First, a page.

There is no question that long distance running or converting a free throw are difficult tasks. But unfortunately, the speaker was incorrect in employing Philippians 4:13 to make his point. Athletics can be difficult. But what is in view in this verse is far more difficult. In fact its promise is applied to perhaps the most difficult thing any one of us may be faced with in this life: contentment.

Would you characterize yourself as content? Or do you suppose that you could be content if only one or two things (or maybe three or more) were changed? How many of us are convinced that contentment would be there if only we had a bit more money, a little less stress, more of something else?

If you read the entirety of Philippians 4 you will notice Paul ends this book addressing a particular personal need. Paul was in prison when he wrote this letter. In such a circumstance he required the physical care of others. The Philippians had evidently responded by sending a gift to Paul through Epaphroditus.

This leads Paul to speak to them more directly in chapter 4:11–13 about what he had learned in general about circumstances and contentment. He tells them in verse 10 that they should not think that he rejoiced simply because he had what he needed. Rather his joy and contentment were based on something else – something that always transcends whatever the circumstances of life may be. To base contentment on circumstances, Paul writes, is always deceptive.

This is precisely the point driven home in verses 11 and 12 of chapter 4. Paul emphasizes to his readers that he had known plenty of good and bad throughout his life and contentment was never found in either. Paul knew how to be “abased”, likely a reference to his financial want. It is true that Paul was often responsible for his own physical support – a support that could hardly be characterized as luxurious. Further, he knew what it meant to be hungry and to suffer needs of various kinds (cf. 1 Corinthians 4:11, 2 Corinthians 11:27). Paul’s life was not one of material prosperity. Rather, every appearance is that he faced personal and financial need. And to those of every age who would believe that contentment is not possible without personal and financial success, Paul would have had every reason to be discontent.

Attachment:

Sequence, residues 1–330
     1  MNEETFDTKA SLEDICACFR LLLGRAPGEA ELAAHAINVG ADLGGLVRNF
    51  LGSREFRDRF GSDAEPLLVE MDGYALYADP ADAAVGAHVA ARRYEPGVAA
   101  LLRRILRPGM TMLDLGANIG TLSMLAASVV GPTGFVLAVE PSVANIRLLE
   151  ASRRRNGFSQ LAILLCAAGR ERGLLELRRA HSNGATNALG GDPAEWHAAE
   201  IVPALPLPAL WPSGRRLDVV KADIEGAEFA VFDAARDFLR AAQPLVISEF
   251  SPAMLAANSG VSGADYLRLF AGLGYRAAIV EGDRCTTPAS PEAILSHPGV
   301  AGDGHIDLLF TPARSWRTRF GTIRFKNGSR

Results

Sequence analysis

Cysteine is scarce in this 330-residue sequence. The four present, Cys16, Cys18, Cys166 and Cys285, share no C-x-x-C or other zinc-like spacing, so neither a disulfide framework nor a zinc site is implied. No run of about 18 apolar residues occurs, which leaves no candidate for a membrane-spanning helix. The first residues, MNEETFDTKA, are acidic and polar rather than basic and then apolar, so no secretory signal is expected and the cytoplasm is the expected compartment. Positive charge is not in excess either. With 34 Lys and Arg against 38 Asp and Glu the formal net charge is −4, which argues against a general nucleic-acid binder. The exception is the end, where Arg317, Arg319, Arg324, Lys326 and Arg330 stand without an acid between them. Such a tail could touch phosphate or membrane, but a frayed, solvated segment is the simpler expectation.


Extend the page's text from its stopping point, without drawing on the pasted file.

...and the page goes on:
On the other hand, Paul knew good. Not only do verses 11 and 12 tell us about his lack, there also must have been times of plenty. Paul writes about both of having just enough to get by as well as having more than enough.